C. Northcote Parkinson's Parkinson's Law by Leo Gough by Leo Gough - Read Online

Book Preview

C. Northcote Parkinson's Parkinson's Law - Leo Gough

You've reached the end of this preview. Sign up to read more!
Page 1 of 1



Nobody really wants more bureaucracy and red tape. Governments and multinational companies spend vast sums on trying to make their bureaucracies more efficient. Some management consultants spend their entire careers trying to cure dysfunctional administrative systems. Stock market analysts preach the need for ‘lean organisations’. Consumers complain of faceless corporations and government departments that can’t seem to perform simple tasks in a timely fashion.

So, if nobody wants more bureaucracy, why does it just keep on growing? The answer is Parkinson’s Law. According to Parkinson’s Law, bureaucracies tend to expand for two main reasons: first, that bureaucrats naturally make extra work for each other, and second, that bureaucrats like to increase the number of people they are in charge of. What’s more, the growth in personnel bears no relation to the productivity of the organisation. The Law proposes that ‘Work expands to fill the time available for its completion’. In other words, in the average administrative office, everyone will always be busy, no matter how much, or how little, real work has to be done.

Cyril Northcote Parkinson was an obscure professor of history at a university in Singapore when he wrote Parkinson’s Law in the late 1950s. Based on an essay he published in The Economist magazine, it appeared as a book in 1958 and became an instant bestseller worldwide. It’s a gem of a book, stylish, witty, and satirical, that cuts through all the management theory guff to show how and why bureaucracies waste time. Parkinson became a celebrity and, after a few years as visiting professor at Harvard and Berkeley, gave up teaching to become a full-time writer and lecturer.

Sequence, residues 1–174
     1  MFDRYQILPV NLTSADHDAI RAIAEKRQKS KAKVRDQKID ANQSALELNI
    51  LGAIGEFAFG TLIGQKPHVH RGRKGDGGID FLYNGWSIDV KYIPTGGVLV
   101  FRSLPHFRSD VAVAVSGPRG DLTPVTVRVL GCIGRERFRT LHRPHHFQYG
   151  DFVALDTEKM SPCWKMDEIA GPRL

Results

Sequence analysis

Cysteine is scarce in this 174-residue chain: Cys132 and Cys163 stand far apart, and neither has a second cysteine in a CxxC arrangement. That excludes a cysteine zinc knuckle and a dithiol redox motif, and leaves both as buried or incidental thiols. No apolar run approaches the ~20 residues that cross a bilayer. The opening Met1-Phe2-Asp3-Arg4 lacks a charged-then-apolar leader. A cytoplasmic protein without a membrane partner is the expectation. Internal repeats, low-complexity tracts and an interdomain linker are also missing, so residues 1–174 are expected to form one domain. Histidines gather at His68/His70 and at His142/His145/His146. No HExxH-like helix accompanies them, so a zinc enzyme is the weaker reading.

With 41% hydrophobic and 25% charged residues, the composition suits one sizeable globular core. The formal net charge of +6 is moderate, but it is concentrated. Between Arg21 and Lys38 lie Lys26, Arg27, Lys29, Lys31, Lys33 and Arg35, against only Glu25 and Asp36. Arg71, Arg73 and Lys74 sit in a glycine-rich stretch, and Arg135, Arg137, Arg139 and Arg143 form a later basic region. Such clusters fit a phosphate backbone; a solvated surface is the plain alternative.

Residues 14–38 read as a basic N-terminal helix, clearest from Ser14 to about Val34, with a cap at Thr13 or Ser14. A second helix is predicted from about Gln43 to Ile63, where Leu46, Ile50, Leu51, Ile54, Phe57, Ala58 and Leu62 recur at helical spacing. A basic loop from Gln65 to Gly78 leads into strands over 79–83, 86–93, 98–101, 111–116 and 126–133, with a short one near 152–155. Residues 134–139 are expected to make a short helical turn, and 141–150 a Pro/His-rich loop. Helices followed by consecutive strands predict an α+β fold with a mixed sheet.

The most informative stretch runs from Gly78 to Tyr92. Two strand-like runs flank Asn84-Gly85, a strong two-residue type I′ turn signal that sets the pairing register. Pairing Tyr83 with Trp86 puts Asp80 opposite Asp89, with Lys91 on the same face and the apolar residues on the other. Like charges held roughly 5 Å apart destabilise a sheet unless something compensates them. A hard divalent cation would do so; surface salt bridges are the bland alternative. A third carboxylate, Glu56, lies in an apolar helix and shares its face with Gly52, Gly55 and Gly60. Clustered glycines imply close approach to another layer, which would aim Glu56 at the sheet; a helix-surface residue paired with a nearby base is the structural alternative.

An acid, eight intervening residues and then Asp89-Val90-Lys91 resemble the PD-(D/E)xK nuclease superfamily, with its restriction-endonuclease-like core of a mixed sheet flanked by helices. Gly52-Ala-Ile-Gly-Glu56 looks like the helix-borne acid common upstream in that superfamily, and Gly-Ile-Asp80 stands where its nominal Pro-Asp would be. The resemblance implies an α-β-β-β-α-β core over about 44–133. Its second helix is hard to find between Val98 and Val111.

Because it was written in the 1950s, Parkinson’s book reflects the norms of the time; for example, managers and bureaucrats are generally assumed to male, and the secretaries are assumed to be female. Some of the references to racial and cultural bias may make the modern reader feel a little queasy. Nevertheless, Parkinson was ahead of his time. He would have laughed at the explosion in management theory and business schools, and at the worldwide efforts of governments to make their civil services run more like businesses – all exercises in futility, he would have said. Parkinson’s Law – A Modern-Day Interpretation of a Management Classic shows how you can apply his devastating critique of office life to analyse, and perhaps resolve, the frustrations we all experience, whether we are consumers, committee members, managers, office workers or civil servants.


Politicians and taxpayers have assumed (with occasional phases of doubt) that a rising total in the number of civil servants must reflect a growing volume of work to be done … The fact is that the number of the officials and the quantity of the work are not related to each other at all.

Parkinson wrote his book at the height of the era of state-directed economies, when the public sector was far larger than it is today. Since the 1980s, most governments around the world have tried very hard to reduce the size of their countries’ public sectors – especially through the drive for privatisation – and to make their employees more efficient and accountable. Similarly, multinationals have gone to enormous lengths to cut the dead weight out of their organisations. The trouble is, bureaucracy has a strange way of creeping back, like a fungus.

Why is this? Parkinson points to the essential problem: in any kind of office, it is easy to create unnecessary tasks with the best of intentions. Often, it is extremely difficult to judge whether a given administrative chore is worth doing – they always seem worthwhile, especially to workers who have no overall picture of the process. Unless there are eagle-eyed managers who are obsessed with overall efficiency, office tasks will just naturally grow and grow, and more and more people will be needed to push the paper around.